The Day I Swapped my Dad for Two Goldfish is a hilarious picture book full of fun and relatable family dynamics, like a brother secretly putting dirt down the back of his sister’s neck or a son wanting to have more interaction with his preoccupied father.
This hilarious picture book uses mixed media images to tell the story of a trade which escalates to swapping the little boy’s boring, newspaper-reading father for two goldfish that his friend Nathan has. Nathan drives a hard bargain as he won’t consider Clownie, an old spaceship, or even a penny whistle as a fair trade.
Author Neil Gaiman paints a story so realistic that it feels nothing like a fantasy title. That is, of course, despite the implausibility of it. Any child can relate to wanting something so badly that they would be willing to swap just about anything for it. In this story, this becomes the reality, while his father is still reading his newspaper, oblivious to the world around him.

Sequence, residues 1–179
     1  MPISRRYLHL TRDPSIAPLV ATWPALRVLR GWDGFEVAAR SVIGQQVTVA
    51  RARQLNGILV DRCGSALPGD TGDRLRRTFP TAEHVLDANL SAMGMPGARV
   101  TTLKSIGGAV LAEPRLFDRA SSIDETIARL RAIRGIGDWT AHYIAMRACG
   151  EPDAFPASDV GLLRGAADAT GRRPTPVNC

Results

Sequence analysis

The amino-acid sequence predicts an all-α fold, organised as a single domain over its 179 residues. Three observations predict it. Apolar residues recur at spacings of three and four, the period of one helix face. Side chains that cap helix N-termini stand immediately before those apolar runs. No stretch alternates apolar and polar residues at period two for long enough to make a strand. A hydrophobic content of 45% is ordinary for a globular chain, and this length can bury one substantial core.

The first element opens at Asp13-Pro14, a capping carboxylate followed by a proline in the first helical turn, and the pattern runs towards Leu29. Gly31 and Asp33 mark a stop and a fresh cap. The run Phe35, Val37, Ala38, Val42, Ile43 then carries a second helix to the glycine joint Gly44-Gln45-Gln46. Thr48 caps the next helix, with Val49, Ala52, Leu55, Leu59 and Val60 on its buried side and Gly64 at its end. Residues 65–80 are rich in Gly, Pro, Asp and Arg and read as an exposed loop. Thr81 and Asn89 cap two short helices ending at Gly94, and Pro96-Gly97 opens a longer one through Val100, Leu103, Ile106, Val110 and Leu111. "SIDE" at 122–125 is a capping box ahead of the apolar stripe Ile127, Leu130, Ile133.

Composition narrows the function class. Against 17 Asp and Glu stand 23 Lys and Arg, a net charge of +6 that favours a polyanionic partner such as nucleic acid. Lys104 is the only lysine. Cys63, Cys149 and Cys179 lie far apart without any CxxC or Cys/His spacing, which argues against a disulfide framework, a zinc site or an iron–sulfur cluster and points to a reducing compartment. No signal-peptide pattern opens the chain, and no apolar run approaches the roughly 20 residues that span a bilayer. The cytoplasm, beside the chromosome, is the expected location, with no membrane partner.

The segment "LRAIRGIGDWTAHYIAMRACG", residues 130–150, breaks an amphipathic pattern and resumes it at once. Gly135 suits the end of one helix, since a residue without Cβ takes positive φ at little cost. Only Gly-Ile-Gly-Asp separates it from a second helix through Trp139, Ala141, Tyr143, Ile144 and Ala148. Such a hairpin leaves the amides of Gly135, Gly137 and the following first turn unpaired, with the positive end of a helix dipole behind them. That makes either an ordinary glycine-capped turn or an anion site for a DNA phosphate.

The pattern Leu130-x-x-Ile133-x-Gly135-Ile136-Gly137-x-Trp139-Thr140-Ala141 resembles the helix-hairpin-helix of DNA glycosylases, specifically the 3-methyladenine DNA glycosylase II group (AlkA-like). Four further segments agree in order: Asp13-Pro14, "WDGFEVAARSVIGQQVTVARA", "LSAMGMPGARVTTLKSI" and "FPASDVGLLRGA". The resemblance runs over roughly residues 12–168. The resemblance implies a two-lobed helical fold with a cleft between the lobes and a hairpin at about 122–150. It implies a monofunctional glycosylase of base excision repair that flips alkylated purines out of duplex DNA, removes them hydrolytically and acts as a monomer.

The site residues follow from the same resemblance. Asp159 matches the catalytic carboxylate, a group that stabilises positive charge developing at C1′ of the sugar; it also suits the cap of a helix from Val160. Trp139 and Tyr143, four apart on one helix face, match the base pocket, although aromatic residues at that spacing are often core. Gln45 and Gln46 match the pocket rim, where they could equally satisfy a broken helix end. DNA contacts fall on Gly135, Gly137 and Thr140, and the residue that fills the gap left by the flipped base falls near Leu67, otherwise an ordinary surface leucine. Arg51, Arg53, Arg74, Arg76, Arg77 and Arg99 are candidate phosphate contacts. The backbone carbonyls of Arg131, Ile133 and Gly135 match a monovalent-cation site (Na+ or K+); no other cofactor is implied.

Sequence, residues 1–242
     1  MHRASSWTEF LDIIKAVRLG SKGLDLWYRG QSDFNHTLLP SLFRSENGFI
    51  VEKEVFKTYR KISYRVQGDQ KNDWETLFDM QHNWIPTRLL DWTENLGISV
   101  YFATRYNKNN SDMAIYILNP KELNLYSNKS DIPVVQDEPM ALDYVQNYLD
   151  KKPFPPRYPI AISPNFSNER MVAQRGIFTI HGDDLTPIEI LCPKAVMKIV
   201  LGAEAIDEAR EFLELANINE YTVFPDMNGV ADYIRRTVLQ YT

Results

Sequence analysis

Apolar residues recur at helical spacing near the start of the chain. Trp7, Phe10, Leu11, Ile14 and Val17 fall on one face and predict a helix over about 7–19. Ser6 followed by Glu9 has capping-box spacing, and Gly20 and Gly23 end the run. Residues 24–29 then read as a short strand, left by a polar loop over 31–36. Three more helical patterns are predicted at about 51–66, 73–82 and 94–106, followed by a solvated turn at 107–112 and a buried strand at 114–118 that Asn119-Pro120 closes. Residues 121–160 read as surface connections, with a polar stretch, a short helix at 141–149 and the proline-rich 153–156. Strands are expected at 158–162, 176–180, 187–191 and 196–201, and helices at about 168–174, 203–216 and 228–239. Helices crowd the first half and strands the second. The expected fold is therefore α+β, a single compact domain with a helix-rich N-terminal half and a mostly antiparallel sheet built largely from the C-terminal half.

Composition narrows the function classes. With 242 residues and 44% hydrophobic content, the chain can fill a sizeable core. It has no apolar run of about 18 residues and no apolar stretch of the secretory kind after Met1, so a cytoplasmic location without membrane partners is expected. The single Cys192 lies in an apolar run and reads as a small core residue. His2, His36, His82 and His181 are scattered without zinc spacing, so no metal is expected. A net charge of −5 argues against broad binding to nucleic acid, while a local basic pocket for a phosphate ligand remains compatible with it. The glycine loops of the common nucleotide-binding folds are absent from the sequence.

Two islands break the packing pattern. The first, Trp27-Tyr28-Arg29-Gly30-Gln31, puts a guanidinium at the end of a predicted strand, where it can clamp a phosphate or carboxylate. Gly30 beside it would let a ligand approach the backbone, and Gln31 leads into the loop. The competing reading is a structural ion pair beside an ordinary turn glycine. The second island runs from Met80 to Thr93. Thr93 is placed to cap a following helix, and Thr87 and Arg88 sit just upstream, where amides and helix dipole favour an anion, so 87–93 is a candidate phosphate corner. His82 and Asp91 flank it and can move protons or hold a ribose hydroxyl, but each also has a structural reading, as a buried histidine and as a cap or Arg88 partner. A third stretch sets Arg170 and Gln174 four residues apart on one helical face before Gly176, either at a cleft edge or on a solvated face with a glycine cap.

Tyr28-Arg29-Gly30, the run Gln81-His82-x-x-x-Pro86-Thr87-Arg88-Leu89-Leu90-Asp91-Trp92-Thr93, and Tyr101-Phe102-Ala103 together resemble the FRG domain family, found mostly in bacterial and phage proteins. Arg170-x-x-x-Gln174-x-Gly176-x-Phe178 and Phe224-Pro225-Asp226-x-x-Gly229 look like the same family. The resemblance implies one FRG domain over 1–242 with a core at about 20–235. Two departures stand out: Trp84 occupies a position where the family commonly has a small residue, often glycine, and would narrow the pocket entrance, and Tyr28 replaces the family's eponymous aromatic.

This is a great title to snuggle up with and read on a cold Shanghai winter day. You can easily lose track of time as this story captivates you and your child (ideal for ages 6 and up). Parents will chuckle at the ridiculousness of the situations and the subtle humor sprinkled throughout, some of which has a more mature meaning that younger readers may miss.
This tale was inspired by Gaiman’s own child’s wish for a goldfish instead of his dad after being told to go to bed one evening. He wrote it for his children to enjoy and so that readers can feel that he has put his whole heart into writing this children’s story.
The award-winning illustrator Dave McKean has collaborated with Gaiman on three other children’s books, The Wolves in the Walls, Crazy Hair and Mirrormask. These are beautifully crafted titles that I highly recommend if you enjoyed reading this one. Additionally, Gaiman is the rare kind of author that can write for any age group. Middle schoolers will love The Graveyard Book and Coraline while adults will enjoy Trigger Warning: Short Fictions And Disturbances and American Gods.
Kendra Perkins is Coordinator for the Shanghai Librarians Network and Ambassador of China for the International Librarian Network. Find her at www.TheInspiredLibrarian.com.